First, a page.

A political party is a group of registered voters organized to support often common views and certain policies. The prime aim of a political party is to contest election and elect official who will carry out the party’s policies by holding power in the government. The Democratic Party and the Republican Party, sometimes referred to as the Major Parties, are the two largest political parties in the US. Both parties are recognized and on the ballot in all 50 states plus Washington, DC. In addition to the two major parties, there are a number of minor parties, often called Third Parties. The largest Third Parties in the US are The Libertarian Party (recognized in 39 states) and The Green Party (recognized in 27 states). There are dozens of smaller third parties, (Ballotpedia)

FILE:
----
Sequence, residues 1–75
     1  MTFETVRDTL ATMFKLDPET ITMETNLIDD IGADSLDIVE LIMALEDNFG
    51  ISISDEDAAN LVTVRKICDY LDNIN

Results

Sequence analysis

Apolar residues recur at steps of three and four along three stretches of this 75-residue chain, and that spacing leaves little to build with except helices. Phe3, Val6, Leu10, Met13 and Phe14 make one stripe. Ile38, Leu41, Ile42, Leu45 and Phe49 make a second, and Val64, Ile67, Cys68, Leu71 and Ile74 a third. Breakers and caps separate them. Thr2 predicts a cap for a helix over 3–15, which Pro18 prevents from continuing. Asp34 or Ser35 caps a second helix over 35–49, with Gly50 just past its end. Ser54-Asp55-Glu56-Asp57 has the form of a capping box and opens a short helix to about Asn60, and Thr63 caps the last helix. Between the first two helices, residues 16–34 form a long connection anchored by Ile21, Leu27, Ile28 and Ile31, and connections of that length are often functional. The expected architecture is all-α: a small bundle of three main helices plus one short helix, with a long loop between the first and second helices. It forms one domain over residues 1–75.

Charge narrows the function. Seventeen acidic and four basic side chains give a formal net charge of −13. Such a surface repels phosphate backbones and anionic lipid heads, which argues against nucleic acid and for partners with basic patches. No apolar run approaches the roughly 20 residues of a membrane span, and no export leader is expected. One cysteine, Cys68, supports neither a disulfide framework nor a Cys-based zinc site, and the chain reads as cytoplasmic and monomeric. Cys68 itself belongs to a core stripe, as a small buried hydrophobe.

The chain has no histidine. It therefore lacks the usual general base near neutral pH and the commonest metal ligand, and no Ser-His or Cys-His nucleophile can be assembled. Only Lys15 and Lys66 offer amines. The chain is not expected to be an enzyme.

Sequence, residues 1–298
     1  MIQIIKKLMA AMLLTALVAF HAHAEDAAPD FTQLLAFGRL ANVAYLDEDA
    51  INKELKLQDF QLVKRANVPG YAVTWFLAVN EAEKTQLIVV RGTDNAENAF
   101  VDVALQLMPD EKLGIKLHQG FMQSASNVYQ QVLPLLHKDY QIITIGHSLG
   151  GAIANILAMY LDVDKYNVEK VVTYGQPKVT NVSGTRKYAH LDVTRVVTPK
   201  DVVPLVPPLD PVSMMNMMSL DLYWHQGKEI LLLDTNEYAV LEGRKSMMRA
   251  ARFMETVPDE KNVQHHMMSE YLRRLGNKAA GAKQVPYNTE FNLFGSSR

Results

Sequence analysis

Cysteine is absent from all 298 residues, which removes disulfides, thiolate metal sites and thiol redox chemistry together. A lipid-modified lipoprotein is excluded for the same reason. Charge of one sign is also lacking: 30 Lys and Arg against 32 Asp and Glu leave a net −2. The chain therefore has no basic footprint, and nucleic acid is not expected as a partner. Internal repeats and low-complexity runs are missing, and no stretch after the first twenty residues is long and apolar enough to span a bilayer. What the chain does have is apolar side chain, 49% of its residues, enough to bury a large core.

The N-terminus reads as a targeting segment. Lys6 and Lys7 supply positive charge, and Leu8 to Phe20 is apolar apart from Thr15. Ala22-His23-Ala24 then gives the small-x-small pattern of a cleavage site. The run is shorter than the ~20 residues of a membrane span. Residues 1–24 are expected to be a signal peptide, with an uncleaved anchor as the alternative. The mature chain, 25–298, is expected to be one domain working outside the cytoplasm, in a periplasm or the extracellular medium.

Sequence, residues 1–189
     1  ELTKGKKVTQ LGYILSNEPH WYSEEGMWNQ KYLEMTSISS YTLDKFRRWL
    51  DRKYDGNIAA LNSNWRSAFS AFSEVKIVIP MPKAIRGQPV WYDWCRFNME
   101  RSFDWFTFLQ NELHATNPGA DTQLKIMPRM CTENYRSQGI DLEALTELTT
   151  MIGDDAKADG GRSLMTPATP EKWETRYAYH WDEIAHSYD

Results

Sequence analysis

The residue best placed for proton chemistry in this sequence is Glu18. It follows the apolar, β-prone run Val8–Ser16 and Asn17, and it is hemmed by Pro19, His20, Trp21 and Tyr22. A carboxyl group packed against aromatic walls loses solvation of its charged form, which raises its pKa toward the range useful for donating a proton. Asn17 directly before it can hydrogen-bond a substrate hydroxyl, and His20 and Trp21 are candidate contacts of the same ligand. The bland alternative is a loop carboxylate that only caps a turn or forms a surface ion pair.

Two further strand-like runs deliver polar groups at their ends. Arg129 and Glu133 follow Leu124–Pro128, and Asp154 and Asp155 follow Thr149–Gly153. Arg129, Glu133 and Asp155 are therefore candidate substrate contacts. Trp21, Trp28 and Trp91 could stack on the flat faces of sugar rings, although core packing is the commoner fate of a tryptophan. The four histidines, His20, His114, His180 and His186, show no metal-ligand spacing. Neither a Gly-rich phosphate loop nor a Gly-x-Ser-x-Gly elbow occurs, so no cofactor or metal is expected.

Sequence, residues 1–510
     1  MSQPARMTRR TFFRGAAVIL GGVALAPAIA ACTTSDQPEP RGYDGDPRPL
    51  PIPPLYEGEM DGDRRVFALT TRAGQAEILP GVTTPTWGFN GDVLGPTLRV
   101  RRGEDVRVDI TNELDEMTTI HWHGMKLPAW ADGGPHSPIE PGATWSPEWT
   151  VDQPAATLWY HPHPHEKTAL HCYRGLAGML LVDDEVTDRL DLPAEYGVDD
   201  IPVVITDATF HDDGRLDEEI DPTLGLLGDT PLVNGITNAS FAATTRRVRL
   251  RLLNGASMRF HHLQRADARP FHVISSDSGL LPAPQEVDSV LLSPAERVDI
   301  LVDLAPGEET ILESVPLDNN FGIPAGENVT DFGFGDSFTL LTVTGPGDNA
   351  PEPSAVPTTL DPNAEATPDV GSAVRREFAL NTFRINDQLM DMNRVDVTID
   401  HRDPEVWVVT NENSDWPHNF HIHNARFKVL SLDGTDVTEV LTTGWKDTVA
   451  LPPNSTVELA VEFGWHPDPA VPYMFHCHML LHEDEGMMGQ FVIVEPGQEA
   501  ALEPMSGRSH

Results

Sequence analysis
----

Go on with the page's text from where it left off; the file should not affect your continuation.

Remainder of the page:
(From online voters guide- ballotready)
Electoral College: The Electoral College is a process consists of the selection and meeting of the electors, where they vote for President and Vice President, and the counting of the electoral votes by Congress.
Presidential Primaries and Caucuses: Before the general election, most candidates for President go through a series of state primaries and caucuses. Though primaries and caucuses are run differently, they both serve the same purpose—to allow the states to help choose the political parties’ nominees for the general election